Have I ever mentioned my deep and abiding love? ...Don't worry, I'm not about to trick you into reading some soppy Valentine's story about true love or anything like that. Not for a person, at least - this deep and abiding love is for the potato. Now, granted, I can trace my roots clear back to Ireland, so a love for potatoes is basically genetically guaranteed, but still.

Let it be said: I am head-over-heels for potatoes.

When I was younger, my favorite way to eat them was either mashed or baked and slathered with butter and ranch dressing. (Though the latter did not come about until I was in high school; potato skins weirded me out before then. I know I've mentioned I was a picky eater. It knew no bounds.) And, of course, French fries.

There was a point in my tenure at high school when my mother would pick me up from school every day, we would go through the drive-thru at McDonald's, and I would get fries. I would empty them into the bag, sprinkle them with more salt, and eat them from the bag. There is something about the specific combination of starch, grease, and salt that is absolutely irresistable. I remember one of the only cravings I got while I was abroad was for fries - though it wound up being sated later at a McDonald's near the train terminal in Rome. (The other was, unsurprisingly, cinnamon rolls.)

I won't get into any of the arguments against McDonald's - you've heard them all before, at this point, I'm sure - but part of the reason they have such wild success is that they hit on that key combination. I've since stopped eating at McDonald's, but even now I will still get wild cravings for French fries that are, for the most part, unable to be filled. Sure, every so often I will get them at a bar, but it's not like I am able (or willing) to go to a bar every time I want French fries.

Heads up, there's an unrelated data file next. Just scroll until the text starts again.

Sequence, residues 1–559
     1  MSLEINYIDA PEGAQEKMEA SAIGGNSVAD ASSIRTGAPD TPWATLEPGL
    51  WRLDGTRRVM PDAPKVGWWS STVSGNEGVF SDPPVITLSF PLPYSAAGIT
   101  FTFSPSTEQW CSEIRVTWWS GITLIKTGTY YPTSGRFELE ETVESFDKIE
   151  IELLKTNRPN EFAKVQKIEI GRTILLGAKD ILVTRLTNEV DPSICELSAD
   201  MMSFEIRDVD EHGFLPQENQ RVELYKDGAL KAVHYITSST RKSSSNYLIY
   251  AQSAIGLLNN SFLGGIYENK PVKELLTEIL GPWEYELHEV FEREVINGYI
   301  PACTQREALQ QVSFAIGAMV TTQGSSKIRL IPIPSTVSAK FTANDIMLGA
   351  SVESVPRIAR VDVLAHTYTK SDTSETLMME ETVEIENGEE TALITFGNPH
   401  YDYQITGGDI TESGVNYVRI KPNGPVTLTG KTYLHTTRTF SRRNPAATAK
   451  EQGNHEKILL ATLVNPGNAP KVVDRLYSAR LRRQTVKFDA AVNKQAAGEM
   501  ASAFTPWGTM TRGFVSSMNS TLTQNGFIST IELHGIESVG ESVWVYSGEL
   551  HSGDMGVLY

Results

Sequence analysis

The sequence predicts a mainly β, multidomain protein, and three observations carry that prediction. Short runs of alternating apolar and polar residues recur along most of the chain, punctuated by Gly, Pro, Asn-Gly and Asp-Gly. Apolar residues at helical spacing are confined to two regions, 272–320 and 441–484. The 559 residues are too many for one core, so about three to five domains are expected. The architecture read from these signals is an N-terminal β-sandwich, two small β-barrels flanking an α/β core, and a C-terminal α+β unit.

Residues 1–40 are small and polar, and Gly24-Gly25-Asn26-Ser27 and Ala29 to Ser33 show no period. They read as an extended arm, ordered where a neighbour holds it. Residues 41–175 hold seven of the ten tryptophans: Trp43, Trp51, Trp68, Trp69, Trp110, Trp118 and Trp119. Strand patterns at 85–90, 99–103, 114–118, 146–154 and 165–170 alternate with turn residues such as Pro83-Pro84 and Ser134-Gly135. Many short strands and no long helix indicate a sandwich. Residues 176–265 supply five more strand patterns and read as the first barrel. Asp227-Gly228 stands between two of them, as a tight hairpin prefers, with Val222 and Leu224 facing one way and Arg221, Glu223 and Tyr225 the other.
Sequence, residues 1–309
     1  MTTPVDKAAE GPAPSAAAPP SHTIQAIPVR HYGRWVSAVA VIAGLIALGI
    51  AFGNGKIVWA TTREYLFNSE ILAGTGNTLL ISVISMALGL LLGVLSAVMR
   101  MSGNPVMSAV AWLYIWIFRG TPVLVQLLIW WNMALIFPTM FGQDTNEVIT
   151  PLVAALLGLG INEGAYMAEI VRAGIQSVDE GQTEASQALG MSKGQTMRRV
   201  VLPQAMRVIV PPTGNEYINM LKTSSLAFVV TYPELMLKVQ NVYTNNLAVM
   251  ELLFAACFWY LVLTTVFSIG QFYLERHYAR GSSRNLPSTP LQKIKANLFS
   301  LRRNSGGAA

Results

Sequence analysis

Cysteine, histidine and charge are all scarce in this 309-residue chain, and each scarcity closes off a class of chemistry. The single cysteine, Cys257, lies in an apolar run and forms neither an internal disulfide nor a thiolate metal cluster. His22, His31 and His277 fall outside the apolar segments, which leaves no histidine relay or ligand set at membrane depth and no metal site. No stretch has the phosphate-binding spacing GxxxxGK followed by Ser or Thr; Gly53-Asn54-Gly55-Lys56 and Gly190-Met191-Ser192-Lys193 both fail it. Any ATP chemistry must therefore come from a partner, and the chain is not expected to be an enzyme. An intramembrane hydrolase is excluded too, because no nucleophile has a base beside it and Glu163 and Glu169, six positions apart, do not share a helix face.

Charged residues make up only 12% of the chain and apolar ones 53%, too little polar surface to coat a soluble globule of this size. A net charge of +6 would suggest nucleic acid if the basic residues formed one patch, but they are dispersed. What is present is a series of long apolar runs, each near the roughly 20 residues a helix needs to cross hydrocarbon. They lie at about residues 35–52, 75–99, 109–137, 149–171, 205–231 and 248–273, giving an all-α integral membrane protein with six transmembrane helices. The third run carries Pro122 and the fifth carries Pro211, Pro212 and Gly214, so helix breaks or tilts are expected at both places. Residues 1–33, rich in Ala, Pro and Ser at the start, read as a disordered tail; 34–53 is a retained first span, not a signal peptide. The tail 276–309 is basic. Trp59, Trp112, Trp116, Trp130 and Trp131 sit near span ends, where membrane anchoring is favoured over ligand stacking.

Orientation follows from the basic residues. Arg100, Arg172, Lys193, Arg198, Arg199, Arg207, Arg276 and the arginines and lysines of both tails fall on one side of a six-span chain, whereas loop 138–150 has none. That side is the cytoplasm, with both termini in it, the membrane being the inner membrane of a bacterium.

So it's a good thing they're super-easy to make. I may have eaten about three-potatoes-worth of French fries over the weekend. They're also delicious.

French Fries
adapted from The Naptime Chef

I split up the fries and did three different toppings - cayenne pepper, shredded cheddar, and grated parmesan. They were all super-delicious, though I think I prefer the ones with cheese. I guess I'll have to keep experimenting. Darn.

2 potatoes
3 tbsp olive oil
1 1/2 tbsp kosher salt
(a couple dashes cayenne pepper)
(cheddar cheese, shredded)
(grated parmesan cheese)

Make sure the potatoes are clean. Slice down the longest side of each potato, about as thick as you want your fries to be. (These are best a little thicker, though, to be honest.) Cut each slice along the longest side again to make the fries.

Preheat the oven to 400°F.

Place the strips in a pot full of water and bring to a boil. Cook for about 10 minutes; they should be tender. While the potatoes are boiling, pour the olive oil and salt into a bowl. Line a baking sheet with tin foil. When the potatoes are done, drain and pat dry with a paper towel. Toss them in with the oil and salt until covered.

Line the fries on the baking sheet. If there's any leftover oil in the bowl, pour that over the potatoes. If you're adding cayenne, go ahead and sprinkle some over the fries.

Bake for 40 minutes. If you're adding cheese, pull out the fries and sprinkle the cheese on them, then bake for another 5 minutes. These are best hot-out-of-the-oven. Enjoy!


  1. awesome. grilled cheese and french fries was your old cafeteria standard.

  2. also why does it feel like im getting a full FBI background check when i try to post a comment on here?

  3. haha, you know, I had totally forgotten about that! I think I have tried to repress most of the memories about the caf. (Though now it's all coming back - ah, memories.)

    I'm not sure!